The moral issue of the election was prohibition, which had been introduced at the start of the year. Cox began the campaign stating he was against the new law that banned alcohol but changed his tune on the campaign trail. The hard-nosed, newspaper-owning Harding seemed not to care, declaring: “I am not a prohibitionist… I am unable to see it as a great moral question.” Elsewhere, the great political issue of the election was membership of the League of Nations – and by extension, the question of the United States’ role in the world. Cox supported US membership, but Harding opposed it, instead campaigning under a perhaps familiar-sounding slogan: “America First”.
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Harding made excellent use of new media to convey his message to the electorate – showing films in cinemas and distributing gramophone recordings of speeches – while barely leaving his own home state. Turning his back on Wilson’s focus on internationalism, he criticised the notion that anyone could be a “citizen of the world”, declaring “tranquillity at home is better than peace abroad”.
A year of bloodshed
The uprising in the Middle East was only one of the episodes of bloodshed that punctuated a year in which the long-standing political dispute over the independence of Ireland turned violent, wars broke out in Eastern Europe (in Poland, Ukraine and Crimea to name a few), and the British government faced an insurgency on the border of modern-day Afghanistan and Pakistan.
But it was Mesopotamia that distressed Winston Churchill in particular. The then Secretary of State for War penned a private letter to British prime minister David Lloyd George (although after reflecting, he left the note unsent) in which he wrote: “There is something very sinister to my mind in this Mesopotamian entanglement … [that] after all the struggles of the war… we should be compelled to go on pouring armies and treasure into these thankless deserts.”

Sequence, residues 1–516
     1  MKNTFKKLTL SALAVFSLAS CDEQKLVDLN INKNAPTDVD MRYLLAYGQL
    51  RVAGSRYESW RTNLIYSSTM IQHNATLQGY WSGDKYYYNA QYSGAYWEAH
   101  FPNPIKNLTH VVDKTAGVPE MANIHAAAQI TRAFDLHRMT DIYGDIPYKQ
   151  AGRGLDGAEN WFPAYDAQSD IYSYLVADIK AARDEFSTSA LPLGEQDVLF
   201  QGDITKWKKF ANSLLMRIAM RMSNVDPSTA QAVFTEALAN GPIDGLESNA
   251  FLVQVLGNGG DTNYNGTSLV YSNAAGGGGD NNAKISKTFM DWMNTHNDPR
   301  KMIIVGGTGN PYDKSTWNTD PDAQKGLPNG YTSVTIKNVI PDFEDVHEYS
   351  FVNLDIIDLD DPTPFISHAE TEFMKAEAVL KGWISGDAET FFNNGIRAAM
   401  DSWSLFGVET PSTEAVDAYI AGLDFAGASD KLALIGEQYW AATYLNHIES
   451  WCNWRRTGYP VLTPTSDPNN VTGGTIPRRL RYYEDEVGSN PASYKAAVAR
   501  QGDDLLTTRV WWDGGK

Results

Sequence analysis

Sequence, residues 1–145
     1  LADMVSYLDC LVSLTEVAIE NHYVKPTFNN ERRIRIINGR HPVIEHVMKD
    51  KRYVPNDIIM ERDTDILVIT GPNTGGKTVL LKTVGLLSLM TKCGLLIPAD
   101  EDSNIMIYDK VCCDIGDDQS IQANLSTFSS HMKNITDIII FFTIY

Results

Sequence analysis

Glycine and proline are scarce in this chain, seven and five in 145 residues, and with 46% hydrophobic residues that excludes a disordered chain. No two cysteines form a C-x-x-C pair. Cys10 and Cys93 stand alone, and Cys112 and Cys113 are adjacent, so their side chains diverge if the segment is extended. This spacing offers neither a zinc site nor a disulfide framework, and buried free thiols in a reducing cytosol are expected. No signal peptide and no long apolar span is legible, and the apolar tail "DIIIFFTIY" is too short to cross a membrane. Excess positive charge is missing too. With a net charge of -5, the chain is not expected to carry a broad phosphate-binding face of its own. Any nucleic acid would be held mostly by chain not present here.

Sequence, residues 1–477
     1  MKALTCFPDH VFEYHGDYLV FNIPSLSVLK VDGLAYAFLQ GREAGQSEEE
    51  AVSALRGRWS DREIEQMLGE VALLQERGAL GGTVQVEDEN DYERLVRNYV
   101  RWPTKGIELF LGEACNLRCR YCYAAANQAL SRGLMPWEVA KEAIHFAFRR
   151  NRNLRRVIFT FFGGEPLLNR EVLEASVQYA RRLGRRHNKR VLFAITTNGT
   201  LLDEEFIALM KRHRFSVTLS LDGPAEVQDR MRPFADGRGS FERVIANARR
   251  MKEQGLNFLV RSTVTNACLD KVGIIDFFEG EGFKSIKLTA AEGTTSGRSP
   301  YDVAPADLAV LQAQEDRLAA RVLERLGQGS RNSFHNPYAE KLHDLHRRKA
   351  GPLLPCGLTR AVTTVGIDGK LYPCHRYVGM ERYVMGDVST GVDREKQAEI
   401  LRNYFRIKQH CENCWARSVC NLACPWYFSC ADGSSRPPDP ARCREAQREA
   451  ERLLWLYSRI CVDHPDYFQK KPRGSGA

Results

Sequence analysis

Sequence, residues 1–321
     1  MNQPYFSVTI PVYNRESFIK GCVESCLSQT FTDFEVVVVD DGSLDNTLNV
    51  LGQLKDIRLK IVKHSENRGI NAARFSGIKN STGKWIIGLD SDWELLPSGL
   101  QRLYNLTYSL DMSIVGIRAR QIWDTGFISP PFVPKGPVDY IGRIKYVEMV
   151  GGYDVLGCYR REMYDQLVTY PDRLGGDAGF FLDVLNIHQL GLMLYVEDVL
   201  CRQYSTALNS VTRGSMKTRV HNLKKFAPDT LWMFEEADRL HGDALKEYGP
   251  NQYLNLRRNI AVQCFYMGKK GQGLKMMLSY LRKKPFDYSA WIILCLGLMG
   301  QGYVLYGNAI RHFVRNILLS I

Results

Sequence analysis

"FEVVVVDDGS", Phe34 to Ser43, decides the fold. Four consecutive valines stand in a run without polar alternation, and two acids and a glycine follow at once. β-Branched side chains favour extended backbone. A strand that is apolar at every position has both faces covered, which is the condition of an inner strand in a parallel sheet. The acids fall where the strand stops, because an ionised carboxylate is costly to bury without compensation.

It took more than three months of airstrikes and overwhelming force to end the uprising. The tactics used by Britain were brutal: first, the Royal Air Force would bomb and strafe a village, putting the inhabitants to flight, after which all the village livestock would be driven out and the soldiers would torch everything that was left. It was hardly a military strategy designed to win hearts and minds. The scale of the troop deployment was unsustainable, however, and in an effort to placate the population, the British moved swiftly to create an Arab-led government. The first Council of State – the precursor to an elected National Assembly – met on 2 November.
That same day, voters went to the polls in the US. The electorate, sick of Wilsonian idealism and utterly unimpressed with the Democrat candidate Cox, swung decisively behind Harding. His “America First” message struck a chord with voters and he won with a record 60 per cent of the popular vote, more than seven million votes ahead of his rival. Harding, who had spent most of the election day playing golf, told reporters the result was “a renewed expression of confident Americanism”.
As 1920 drew to a close, the hope that the year would begin an era of peace lay long dead. Churchill saw in the new year with Lloyd George and a select gathering at a mansion in Kent. The group sat listening to gramophone recordings of Harding’s campaign speeches, with the two men taking turns shouting insults at the president-elect down the horn of the gramophone. When the boisterousness ended, the prime minister lamented the election result, reportedly saying that he was “sorry for the world and in particular for America”.
Instead of forging a new future in 1920, the post-war world descended into violence and tribal, polarising politics. The peace the League of Nations had been designed to safeguard never arrived. America had returned to isolationism under a populist president and the British were desperately seeking to stabilise Mesopotamia, so they could bring the troops home.
David Charlwood is author of 1920: A Year of Global Turmoil (Pen & Sword, 2019).